The test, which allows travelers to choose which security line they go through based on how comfortable and familiar they are with screening procedures by the Transportation Security Administration has cut wait times by 35 percent since the trial began last month, agency spokesman Dwayne Baird said Wednesday.
"We've discovered that passenger satisfaction has gone up considerably in the sense that we have people able to get through the checkpoint more comfortably."
Instead of a single serpentine security lane leading up to TSA's checkpoints in Terminal One, passengers have a choice of three lanes. Using symbols similar to the signs marking trails at Utah's ski resorts, TSA has set up a green-circle lane for slower-moving folks, such as families with children and people who need special assistance.
The blue-square lane is for casual travelers who are fairly familiar with security procedures and have more than one carry-on bag. The expert, or black diamond lane, is for travelers who know the drill well, have few carry-on bags and aren't carrying banned objects.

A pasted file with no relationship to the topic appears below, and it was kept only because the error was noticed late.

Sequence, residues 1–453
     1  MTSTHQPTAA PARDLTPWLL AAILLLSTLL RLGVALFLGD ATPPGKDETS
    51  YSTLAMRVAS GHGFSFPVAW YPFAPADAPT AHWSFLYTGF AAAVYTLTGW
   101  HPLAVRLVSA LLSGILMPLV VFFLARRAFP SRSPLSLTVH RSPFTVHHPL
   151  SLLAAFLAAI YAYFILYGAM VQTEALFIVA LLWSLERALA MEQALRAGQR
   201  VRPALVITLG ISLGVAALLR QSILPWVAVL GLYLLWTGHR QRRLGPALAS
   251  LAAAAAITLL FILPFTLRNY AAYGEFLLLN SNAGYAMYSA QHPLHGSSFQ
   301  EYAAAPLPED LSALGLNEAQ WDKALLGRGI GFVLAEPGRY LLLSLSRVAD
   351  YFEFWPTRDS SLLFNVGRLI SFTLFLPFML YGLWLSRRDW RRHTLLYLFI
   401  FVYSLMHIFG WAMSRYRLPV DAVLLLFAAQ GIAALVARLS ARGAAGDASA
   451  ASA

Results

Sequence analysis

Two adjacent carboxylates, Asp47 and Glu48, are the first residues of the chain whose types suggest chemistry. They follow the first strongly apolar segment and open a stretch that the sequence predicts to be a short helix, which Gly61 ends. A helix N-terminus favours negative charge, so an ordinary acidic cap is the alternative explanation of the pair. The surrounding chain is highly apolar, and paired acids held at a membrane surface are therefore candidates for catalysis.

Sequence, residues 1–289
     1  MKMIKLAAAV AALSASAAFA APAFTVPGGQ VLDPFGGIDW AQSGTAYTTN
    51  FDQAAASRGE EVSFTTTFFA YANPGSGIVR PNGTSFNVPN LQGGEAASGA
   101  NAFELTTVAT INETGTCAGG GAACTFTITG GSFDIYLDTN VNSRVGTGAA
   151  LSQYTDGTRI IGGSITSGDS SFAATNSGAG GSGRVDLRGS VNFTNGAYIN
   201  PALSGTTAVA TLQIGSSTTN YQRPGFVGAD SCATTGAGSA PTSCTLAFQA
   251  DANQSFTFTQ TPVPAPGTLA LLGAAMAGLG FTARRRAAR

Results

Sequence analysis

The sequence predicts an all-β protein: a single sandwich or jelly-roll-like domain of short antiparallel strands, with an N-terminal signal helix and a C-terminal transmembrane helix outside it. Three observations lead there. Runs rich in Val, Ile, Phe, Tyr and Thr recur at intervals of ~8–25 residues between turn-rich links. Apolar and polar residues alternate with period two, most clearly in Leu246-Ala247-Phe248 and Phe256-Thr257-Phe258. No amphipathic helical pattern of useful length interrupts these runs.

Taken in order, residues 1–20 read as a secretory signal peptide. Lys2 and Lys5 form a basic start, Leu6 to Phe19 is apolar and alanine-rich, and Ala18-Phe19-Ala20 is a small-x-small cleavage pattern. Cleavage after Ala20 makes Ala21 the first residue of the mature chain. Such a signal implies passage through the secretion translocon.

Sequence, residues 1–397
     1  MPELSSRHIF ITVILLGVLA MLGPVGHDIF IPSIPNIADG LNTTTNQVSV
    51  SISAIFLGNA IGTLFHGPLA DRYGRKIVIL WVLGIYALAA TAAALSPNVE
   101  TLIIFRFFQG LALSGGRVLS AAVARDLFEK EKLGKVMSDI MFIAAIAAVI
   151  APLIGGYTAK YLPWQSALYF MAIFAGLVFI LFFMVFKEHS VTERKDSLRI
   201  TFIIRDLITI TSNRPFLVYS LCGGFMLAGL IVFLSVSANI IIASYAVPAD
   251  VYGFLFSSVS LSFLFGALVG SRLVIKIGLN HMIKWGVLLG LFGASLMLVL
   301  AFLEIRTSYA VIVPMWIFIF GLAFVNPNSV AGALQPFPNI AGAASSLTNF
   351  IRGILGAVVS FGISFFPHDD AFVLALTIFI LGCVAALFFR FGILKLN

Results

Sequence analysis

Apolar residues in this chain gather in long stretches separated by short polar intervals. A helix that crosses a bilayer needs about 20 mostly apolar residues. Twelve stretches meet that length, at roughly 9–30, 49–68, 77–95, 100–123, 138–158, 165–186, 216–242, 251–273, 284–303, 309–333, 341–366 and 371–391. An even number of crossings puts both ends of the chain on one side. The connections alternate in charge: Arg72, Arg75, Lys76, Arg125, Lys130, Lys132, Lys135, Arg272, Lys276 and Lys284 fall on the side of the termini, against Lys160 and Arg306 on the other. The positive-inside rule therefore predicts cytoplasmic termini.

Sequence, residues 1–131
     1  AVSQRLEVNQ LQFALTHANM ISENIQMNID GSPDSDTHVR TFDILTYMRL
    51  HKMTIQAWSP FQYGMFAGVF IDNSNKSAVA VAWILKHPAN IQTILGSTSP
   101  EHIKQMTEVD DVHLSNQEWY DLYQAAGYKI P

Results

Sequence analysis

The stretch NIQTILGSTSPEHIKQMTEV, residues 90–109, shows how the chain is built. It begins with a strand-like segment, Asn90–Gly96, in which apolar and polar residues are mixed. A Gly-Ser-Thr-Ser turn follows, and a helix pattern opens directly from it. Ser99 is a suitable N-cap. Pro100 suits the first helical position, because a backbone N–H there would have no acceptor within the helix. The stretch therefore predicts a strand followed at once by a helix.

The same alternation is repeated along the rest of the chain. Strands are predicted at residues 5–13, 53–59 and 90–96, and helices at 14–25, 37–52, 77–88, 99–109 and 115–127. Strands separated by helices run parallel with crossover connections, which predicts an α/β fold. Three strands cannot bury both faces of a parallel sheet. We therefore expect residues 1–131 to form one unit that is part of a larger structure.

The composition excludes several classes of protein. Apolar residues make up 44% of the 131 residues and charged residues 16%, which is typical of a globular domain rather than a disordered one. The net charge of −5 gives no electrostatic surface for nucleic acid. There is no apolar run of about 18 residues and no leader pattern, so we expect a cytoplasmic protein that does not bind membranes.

"It was nice. There was nobody else there," said Brian Black, who whisked through the expert lane to the screening machines and was racing to catch a plane to Dallas. "Today, it took only about five to 10 minutes. But I've been in a security line before for 45 minutes. It has potential to be much faster."
Abby and Jeff McIntier, on the other hand, were happy for the relaxed pace in the family-friendly green lane. There were no traveling salesmen or A-type personalities impatiently tapping their toes. And other children were crawling about for 2-year-old Max to "act crazy" with, Abby McIntier said.
"It was [fast], actually, and I would attribute it to the fact that we were able to go in a line for families. That made things convenient for us," Jeff McIntier said.
TSA launched the trial Feb. 15 at Salt Lake City and Denver International airports after reading suggestions from travelers made at the agency's blog site. The experiment will be rolled out at a half-dozen more airports over the next seven weeks, but TSA won't identify them until airport officials and all the airlines serving the airports sign on.
Getting permission to run the experiment in Salt Lake required the approval of airport executives and 13 airlines.
"Even though it's early on, it's speeding up the [traveler's] experience, or at least making it more convenient," said airport spokeswoman Barbara Gann.
* To view the Transportation Security Administration's blog, visit http://www.tsa.gov and go to the Evolution of Security link.